Highly regarded as the most beautiful of all the English Lakes. Ullswater is often referred to as the 'Dark Lake' and legend connects it to King Arthur. It has always been a place of myth and mystery and in medieval times monsters were believed to live in the dark still waters.
Ullswater is the second largest lake in The Lake District stretching for nearly 8 miles from Pooley Bridge at the north end to Glenridding at the south end and is over 60 metres deep. Some say its name derives from an old Nordic chief and is said to be so beautiful it inspired William Wordsworth himself to write three poems on Ullswater, most famously Daffodils, inspired from Glencoyne Wood, and has just been featured in Arthur Ransome's wholesome prewar adventure classic "Swallows and Amazons". Wordsworth further acclaimed Ullswater in one of the most celebrated passages from his great autobiographical poem 'The Prelude'.
The mountains around Ullswater were sculpted by the great forces of glaciation, particularly during the period when Britain was emerging from the grips of the last Ice Age about 12,000 years ago. From an early settlement point of view, the remains of prehistoric activity in Ullswater are extensive, spanning the period Neolithic to the Iron Age. There are examples of rock art near the villiage of Patterdale in the south as well as stone circles and burial cairns on Asham Fell to the north. The Roman road connecting forst in Ambleside and Penrith, known as High Street, runs along the eastern fells. The main industries in the Ullswater Valley were lead mining and slate quarrying, and some of the archaelogical remains of these are of national significance. Important sites include Hartsop Hall mine and Myers Head, the latter being a well-preserved example of a late 19th century mine. However, the largest mine was at Greenside, west of Glenridding, which operated from the 1820s until 1961.
The farming of Herdwick sheep features strongly in Ullswater today and the valley contains a number of important Herdwick farms- some farms on Ullswater have the largest flocks in The Lake District.
Ullswater has a typical "U" shaped valley showing how a glacier carved its path through the area. A careful eye can spot deep striations on the rocks that remain today. When the ice melted away it left a hollow with a lake - Ullswater. Since those times Ullswater has grown a rich and diverse ecosystem that supports many rare species. So what elusive creatures can guests at Waternook hope to see? You may not know this but Ullswater is home to some of Great Britain’s rarest species including Red Squirrel [there are estimated to be only 140,000 left in Britain], Peregrine Falcon, Pied Flycatchers, Redstarts, Wood Warblers, Arctic Char, Schelley and England’s last surviving herd of Red Deer- their bloodline dates back to 1066 and times of William the Conqueror. Did you know bears, lynx, aurochs, beavers and wolves once lived in The Lake District. Waternook itself is nestled on the side of Hallin Fell, in Spring the grassy slopes and rocky outcrops provide nesting sites for Meadow Pipit and Wheatear and the grass is starred with the small yellow flowers of Tormentil. Just a few minutes walk away, in the grounds of St. Martin's Church, you will find a Yew tree that dates back over 1,400 years.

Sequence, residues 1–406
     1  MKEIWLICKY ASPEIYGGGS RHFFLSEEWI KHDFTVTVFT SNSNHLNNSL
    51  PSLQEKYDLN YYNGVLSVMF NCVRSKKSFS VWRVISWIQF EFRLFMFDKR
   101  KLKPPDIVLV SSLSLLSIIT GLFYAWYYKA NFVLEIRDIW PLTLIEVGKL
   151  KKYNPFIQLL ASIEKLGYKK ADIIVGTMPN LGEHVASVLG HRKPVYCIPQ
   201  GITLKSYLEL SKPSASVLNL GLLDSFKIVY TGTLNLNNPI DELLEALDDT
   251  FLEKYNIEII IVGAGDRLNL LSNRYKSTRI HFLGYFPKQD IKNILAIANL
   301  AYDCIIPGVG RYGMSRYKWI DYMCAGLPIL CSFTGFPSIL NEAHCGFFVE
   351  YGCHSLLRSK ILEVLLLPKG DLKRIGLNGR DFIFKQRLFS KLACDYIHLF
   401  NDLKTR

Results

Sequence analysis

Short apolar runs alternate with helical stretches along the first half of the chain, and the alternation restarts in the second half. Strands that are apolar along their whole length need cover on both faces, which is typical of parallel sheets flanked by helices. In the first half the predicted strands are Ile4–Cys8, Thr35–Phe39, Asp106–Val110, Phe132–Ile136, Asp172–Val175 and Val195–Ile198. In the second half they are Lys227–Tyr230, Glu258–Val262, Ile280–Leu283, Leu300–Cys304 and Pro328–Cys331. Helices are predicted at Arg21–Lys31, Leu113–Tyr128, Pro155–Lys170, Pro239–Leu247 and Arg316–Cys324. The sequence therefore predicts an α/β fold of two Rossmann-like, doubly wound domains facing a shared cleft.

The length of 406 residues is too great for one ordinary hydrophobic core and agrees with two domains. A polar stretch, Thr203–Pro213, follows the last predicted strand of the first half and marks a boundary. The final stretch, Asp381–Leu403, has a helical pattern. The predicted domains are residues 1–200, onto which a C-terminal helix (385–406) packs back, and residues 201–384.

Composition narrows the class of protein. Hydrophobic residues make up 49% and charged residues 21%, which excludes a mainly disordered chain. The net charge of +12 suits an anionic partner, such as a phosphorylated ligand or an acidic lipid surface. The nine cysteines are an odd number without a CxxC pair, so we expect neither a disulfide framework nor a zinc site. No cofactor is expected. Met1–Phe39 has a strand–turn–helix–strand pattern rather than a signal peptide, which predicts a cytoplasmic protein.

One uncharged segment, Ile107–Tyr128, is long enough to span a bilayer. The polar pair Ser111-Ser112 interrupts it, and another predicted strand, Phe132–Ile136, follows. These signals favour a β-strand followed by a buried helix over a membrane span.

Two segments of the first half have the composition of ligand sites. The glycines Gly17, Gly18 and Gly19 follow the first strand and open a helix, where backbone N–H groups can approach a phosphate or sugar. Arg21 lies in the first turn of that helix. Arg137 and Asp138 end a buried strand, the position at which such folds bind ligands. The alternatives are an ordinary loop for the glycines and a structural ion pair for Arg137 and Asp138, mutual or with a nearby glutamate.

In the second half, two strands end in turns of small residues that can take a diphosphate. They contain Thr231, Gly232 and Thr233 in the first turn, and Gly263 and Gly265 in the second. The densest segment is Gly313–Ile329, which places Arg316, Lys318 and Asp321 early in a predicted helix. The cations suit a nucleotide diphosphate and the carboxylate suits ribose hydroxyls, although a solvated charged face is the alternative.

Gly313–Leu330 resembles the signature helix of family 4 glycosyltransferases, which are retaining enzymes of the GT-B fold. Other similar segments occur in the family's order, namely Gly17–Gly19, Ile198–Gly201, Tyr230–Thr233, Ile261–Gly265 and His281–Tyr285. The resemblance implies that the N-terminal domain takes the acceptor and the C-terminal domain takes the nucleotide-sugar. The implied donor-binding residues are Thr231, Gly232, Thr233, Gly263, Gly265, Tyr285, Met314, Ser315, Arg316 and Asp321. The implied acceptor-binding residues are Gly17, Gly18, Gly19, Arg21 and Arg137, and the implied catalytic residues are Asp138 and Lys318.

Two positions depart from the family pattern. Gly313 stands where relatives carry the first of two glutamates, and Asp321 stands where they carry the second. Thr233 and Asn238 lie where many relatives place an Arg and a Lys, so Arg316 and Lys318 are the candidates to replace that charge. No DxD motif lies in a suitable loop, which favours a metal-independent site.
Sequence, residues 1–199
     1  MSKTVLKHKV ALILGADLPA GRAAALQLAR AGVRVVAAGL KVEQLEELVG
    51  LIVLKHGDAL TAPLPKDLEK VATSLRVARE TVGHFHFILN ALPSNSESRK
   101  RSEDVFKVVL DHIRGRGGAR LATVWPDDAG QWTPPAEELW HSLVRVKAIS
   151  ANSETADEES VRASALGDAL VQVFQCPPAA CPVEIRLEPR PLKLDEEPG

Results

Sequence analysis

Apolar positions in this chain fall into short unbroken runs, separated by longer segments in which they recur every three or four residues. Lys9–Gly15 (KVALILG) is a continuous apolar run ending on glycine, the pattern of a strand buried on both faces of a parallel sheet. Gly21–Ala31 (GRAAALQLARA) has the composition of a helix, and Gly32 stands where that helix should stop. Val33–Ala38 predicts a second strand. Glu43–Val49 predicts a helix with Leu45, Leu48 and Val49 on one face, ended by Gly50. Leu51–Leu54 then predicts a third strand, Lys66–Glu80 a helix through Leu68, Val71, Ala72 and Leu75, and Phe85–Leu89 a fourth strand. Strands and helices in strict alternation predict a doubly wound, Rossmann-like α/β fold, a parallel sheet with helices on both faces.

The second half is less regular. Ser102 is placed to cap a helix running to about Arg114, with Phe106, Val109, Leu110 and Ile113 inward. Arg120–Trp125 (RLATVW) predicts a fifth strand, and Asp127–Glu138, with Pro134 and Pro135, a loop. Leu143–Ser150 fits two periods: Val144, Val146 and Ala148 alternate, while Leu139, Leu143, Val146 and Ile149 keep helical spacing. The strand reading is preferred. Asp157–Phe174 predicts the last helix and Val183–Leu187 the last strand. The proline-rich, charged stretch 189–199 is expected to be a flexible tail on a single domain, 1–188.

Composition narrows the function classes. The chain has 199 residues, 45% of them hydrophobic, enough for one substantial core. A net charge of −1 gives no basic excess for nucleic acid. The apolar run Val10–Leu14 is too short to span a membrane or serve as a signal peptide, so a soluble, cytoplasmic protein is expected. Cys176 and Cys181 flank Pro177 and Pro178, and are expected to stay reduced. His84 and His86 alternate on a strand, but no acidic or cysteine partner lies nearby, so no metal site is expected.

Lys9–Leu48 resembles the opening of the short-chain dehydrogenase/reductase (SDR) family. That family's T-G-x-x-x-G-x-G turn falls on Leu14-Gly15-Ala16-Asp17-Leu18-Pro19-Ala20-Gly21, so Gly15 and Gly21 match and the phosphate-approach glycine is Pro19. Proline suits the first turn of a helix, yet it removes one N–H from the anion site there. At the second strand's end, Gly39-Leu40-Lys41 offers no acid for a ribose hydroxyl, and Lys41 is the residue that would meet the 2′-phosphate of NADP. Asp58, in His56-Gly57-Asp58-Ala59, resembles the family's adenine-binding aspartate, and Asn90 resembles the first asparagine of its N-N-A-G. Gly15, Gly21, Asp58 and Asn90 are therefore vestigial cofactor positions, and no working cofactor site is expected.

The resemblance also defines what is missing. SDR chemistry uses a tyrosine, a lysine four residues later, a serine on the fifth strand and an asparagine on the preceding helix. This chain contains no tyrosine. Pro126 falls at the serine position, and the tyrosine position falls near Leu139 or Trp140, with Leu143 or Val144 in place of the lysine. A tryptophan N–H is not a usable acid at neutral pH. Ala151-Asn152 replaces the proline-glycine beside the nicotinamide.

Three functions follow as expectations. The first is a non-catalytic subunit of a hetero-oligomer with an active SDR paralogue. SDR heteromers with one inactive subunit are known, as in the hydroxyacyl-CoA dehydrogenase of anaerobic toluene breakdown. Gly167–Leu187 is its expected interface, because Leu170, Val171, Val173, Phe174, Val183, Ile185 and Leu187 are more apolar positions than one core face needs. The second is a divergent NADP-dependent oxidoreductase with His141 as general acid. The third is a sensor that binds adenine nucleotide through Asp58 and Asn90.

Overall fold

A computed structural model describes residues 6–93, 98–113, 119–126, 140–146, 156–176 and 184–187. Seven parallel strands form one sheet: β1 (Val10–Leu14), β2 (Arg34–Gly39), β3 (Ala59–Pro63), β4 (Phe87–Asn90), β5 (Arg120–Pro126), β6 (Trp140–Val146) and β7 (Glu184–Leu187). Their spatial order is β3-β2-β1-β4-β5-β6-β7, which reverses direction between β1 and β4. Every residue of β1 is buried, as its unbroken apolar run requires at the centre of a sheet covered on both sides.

So whether you cosy up by the fire in Waternook with a good book, or wrap up warm and head out exploring, Ullswater is a place of wonder, mystery and excitement. But right now you can experience your own little taste of Ullswater through our professional videos: Experience Waternook, Experience The Great Barn, Experience Cumbria [also featuring Ullswater and Waternook].
For those seeking the adventure of the great outdoors Ullswater is awash with so many opportunities, or perhaps literature and relaxation is what you seek. Ullswater has it all and we are only too happy to help source your perfect activity or interest through our luxury Concierge Service range and the specially selected service partners we use so please do discuss your personal needs with us.